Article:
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Diagnostic Imaging in Disasters: A Bibliometric Analysis

Published online by Cambridge University Press:  01 August 2017

Bo Gong
Department of Radiology, Vancouver General Hospital, Vancouver, British Columbia, Canada
Mohammed F. Mohammed
Department of Radiology, Vancouver General Hospital, Vancouver, British Columbia, Canada
Savvas Nicolaou
Department of Radiology, Vancouver General Hospital, Vancouver, British Columbia, Canada
Muazzam Nasrullah
Injury Control Research Center, School of Public Health, West Virginia University, Morgantown, West Virginia Rollins School of Public Health, Emory University, Atlanta, Georgia
Bruce B. Forster
Department of Radiology, Vancouver General Hospital, Vancouver, British Columbia, Canada
Faisal Khosa*
Department of Radiology, Vancouver General Hospital, Vancouver, British Columbia, Canada
Correspondence and reprint requests to Faisal Khosa, MD, MBA, FFRRCSI, FRCPC, DABR. Department of Emergency & Trauma Radiology, Vancouver General Hospital, 899 12th Avenue West, Vancouver, BC, Canada V5Z 1M9 (e-mail:



To investigate the role of diagnostic imaging in the clinical diagnosis, treatment, and follow-up management of patients in response to disasters.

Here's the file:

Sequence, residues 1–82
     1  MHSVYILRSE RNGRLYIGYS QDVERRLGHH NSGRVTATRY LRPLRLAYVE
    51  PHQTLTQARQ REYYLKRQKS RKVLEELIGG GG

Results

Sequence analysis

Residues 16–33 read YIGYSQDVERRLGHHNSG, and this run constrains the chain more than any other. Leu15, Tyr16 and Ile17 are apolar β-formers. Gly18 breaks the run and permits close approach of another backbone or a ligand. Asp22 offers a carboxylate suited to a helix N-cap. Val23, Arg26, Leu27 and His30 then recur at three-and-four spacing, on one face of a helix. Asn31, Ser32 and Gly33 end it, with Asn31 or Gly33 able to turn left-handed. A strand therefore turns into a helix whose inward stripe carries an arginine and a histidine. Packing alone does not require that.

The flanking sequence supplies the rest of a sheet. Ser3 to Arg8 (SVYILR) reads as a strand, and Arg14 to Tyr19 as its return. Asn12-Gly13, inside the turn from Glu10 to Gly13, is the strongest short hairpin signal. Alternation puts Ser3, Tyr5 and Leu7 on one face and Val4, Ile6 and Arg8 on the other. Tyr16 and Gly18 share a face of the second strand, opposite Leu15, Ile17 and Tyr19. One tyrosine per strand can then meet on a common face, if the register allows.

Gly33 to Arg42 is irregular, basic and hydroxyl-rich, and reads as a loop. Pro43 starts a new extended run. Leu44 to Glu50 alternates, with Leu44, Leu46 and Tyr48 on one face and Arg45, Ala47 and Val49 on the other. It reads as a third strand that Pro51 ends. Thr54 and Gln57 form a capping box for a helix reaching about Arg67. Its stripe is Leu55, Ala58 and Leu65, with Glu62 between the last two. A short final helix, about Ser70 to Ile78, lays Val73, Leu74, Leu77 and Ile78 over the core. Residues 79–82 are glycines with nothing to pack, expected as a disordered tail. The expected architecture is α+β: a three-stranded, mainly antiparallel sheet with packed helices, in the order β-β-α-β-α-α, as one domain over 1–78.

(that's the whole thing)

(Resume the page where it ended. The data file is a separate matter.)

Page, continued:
A MEDLINE (OVID) search of original research articles identified 177 articles on this topic published since 2000. A bibliometric analysis was conducted on the top 100 articles ranked by average yearly citation.


The most frequently studied disaster categories were disease outbreak (55 articles), armed conflict (23 articles), terrorist incident (10 articles), and earthquake (7 articles). The most studied disasters were the H1N1 influenza outbreak in 2009 (28 articles), Severe Acute Respiratory Syndrome outbreak in 2003 (24 articles), War in Afghanistan, 2001-2014 (8 articles), Iraq War, 2003-2011 (6 articles), and the Sichuan earthquake (China) in 2008 (6 articles). Among the first authors, 59 were primarily affiliated with Radiology. The United States of America produced the most articles (25 articles), followed by the People’s Republic of China (24 articles). Eighty-one studies were retrospective, with 19 studies being prospective. Computed tomography was the most investigated modality (52.8%), followed by conventional radiography (33.3%) and ultrasound (9.7%).


Our study identifies intellectual milestones in the utility of diagnostic imaging in response to various disasters, and could help guide future research in developing disaster management plans. (Disaster Med Public Health Preparedness. 2018;12:265–277)

Systematic Review
Copyright © Society for Disaster Medicine and Public Health, Inc. 2017 

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